Having your own store website means you can promote your products and expertise without having to spend on advertising. This is where content comes in. “You can optimize your content to include product and location, such as ‘Wedding Cakes in New York’. Continuously generating content that offers value to your customers will soon result in relevant traffic,” said Winter.

Tip: Come up with a list of the most frequent questions you get in the store. Then write a blog post to answer those questions, add context, and do a soft sell pitch at the end.

6. Host a live video stream

And videos can be really effective too. Jeff Moriarty is the marketing manager of Moriarty’s Gem Art, his family-owned jewelry business. In March 2020 the company started doing live Youtube and Facebook streams. 

“It was free, it just took time to implement. These live streams were both educational and commercial in nature. The live shows allowed visitors to view our items, buy online and ask questions. We advertised these live streams through emails, our website, and social media. We are now getting about more than 1000 viewers watching each show,” he said. 

7. Be seen on social media

As Moriarty’s success with video shows, you need to put as much if not more effort into promoting your content as you do producing it. Social media can help you do this. And it has other payoffs too, according to Rob Swinburne, a digital marketing apprentice from Surge Marketing Solutions, a digital agency based in the UK.

“Announcing sales and specials online can bring more customers into your store and raise your local profile. Also, show support for local causes and interact with them, not only does this help your brand seem more personal but you can strike up conversations and potential partnerships,” he said.

Encourage Facebook referrals

Above all, good local marketing means knowing your community and its interests and priorities. And that means ensuring the community knows you too, said Polly Kay, Senior Marketing Manager at English Blinds.

Facebook is one way to do this. For example, have you ever noticed that when someone asks for a recommendation in a Facebook group, it usually leads to a few businesses being suggested? Kay said these recommendations often come with a brief comment about the business. Maybe it’s been a feature of the community for a long time. Maybe someone had a good customer experience. Or maybe the business added a thoughtful personal touch.  

“This means that if any of these things apply to you—a long tenure, a family business, or excellent service, the latter of which all businesses should be providing—highlighting and playing up these points should be a priority,” said Kay.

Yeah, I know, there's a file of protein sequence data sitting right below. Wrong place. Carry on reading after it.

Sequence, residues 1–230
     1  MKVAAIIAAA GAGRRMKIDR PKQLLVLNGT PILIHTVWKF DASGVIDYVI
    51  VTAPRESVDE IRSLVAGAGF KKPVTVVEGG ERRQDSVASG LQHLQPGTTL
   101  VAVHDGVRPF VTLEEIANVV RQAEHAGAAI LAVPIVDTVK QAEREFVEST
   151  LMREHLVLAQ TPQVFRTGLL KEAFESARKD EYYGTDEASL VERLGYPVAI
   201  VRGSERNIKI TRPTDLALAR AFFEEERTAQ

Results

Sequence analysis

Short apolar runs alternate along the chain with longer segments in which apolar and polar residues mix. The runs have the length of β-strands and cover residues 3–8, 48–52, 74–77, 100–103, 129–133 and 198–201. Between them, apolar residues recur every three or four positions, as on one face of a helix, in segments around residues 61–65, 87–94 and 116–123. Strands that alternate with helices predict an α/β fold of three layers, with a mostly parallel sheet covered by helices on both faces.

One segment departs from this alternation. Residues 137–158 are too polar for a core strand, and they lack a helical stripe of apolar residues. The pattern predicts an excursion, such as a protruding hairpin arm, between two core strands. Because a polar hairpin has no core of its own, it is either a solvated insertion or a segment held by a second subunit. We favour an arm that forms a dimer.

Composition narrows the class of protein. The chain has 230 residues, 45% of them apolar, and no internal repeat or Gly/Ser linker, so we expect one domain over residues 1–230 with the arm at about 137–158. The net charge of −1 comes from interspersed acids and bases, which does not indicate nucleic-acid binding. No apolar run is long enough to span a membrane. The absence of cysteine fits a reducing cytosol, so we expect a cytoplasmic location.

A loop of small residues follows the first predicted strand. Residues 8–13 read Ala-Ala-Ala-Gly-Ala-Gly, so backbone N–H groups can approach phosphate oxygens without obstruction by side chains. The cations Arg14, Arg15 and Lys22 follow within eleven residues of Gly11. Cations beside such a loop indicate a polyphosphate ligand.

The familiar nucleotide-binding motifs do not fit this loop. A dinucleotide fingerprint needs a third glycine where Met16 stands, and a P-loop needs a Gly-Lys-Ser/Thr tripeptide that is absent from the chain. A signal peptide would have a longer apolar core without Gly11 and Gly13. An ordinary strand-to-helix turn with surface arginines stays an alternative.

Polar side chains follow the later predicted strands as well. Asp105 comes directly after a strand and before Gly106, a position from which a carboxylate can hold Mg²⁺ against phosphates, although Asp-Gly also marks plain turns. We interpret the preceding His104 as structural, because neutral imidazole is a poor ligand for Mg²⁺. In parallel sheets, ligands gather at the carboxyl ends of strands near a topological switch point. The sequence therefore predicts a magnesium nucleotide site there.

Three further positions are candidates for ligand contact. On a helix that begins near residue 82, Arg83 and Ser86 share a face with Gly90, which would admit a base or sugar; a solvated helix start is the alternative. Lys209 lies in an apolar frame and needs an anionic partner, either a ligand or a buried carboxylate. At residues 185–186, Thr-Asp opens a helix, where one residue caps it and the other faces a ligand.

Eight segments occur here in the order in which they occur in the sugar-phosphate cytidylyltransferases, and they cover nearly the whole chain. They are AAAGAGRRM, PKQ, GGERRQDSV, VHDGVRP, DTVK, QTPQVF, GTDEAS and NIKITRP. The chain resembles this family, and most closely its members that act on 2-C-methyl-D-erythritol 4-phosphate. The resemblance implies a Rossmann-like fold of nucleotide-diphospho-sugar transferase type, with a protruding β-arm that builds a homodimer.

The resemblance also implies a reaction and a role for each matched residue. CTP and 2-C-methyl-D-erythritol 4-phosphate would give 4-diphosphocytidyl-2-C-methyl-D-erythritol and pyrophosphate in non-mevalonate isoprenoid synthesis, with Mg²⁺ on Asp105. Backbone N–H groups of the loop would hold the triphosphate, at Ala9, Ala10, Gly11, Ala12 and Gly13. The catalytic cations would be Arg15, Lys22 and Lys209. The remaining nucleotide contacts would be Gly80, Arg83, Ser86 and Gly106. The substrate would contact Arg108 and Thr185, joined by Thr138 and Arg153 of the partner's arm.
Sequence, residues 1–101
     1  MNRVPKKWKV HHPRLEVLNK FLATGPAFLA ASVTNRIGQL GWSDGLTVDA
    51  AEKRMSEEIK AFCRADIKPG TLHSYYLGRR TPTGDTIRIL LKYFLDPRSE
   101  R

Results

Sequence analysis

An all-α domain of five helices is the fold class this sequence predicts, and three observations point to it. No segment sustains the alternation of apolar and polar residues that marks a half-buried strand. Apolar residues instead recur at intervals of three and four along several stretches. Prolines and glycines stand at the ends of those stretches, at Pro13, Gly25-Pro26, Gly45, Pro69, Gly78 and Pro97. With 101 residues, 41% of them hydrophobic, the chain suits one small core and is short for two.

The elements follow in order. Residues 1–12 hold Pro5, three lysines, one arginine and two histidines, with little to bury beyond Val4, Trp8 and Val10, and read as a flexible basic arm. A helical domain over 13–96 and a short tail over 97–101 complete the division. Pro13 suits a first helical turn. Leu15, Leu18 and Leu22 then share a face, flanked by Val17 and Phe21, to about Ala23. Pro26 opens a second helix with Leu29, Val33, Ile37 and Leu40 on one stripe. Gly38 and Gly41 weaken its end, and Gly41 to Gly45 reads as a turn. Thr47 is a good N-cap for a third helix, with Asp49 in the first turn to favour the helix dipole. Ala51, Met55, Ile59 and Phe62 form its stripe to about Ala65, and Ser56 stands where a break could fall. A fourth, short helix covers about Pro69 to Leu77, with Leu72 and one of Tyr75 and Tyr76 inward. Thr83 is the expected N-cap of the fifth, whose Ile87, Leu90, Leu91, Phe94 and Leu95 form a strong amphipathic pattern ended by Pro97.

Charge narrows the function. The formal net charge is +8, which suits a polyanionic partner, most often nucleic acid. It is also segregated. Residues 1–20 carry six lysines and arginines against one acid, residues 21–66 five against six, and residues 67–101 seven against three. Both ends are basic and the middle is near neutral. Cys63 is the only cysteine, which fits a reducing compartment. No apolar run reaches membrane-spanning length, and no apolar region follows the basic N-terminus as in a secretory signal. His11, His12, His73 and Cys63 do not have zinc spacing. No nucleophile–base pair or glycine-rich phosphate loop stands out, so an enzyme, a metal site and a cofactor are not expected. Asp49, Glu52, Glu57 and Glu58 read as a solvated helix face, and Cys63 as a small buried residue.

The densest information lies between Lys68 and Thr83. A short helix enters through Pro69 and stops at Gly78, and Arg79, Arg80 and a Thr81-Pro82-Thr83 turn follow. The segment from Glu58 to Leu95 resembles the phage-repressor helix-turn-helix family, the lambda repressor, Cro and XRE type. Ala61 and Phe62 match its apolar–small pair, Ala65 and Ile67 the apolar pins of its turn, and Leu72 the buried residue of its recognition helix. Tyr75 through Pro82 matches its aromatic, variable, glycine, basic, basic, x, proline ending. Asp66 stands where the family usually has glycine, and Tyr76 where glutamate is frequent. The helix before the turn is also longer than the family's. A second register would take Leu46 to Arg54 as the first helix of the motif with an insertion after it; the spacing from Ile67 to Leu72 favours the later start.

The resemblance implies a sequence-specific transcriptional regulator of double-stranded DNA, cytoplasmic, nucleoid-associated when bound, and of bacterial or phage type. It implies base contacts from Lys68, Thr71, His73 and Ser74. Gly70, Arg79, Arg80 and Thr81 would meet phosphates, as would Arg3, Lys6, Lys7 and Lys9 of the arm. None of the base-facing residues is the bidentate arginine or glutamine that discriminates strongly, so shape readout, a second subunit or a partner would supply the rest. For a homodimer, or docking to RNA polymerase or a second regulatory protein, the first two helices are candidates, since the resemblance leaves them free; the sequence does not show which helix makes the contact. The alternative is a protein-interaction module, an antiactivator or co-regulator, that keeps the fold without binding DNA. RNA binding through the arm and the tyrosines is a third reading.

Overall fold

Be picky about your platforms

Whether it’s Facebook or Youtube, try to find a social media platform that is best for you.  “From Instagram to TikTok to Clubhouse, it can be overwhelming with the number of platforms out there now,” said Bailey Floyd, founder of Bais Creative and Public Relations. That’s why it only makes sense to be active on the same platforms as your audience.

8. Hold a promotional event

Holidays also present another opportunity for marketing your store to your community. 

Businesses should look for ways to package their existing goods for in-store or at-home experiences that can be promoted seasonally.  

“While there may be a subset of customers that feels comfortable attending an in-store event, having contactless curbside pick-up or at-home options that allow them to take part in the celebrations is a great way to augment in-store promotions,” said Rath of Bel Air Branding Agency. 

 

Merge in-person and online marketing

Taylor Ryan is the CEO of Klint Marketing, a Copenhagen-based digital marketing agency. He believes it’s important to blend offline and online marketing activities. But to do so, you need to set clear and measurable goals. 

“Tactics like geographically marketing your store on social media, online competitions leading to in-store rewards and discounts or free in-store samples that require email signup are all ways to combine online and offline marketing,” said Ryan.  

 

How your POS can support marketing

You can even use your POS to market to your customers right at that all-important point of purchase. You might place discounted products right beside the POS, for example. Doing this can be a great driver of impulse purchases. 

By using POS software like Lightspeed, you can also run reports to see which products are moving and which are staying on the shelf too long. This can help you develop a point of purchase (POP) marketing approach

 

Standing out in your local community

Local retail marketing will always be important. How you go about it may change over time, but it all boils down to building a strong local brand, creating relevant offers for customers and driving sales plus repeat business for your store. 

To learn more about how Lightspeed can help you execute a local marketing strategy, talk to one of our retail experts.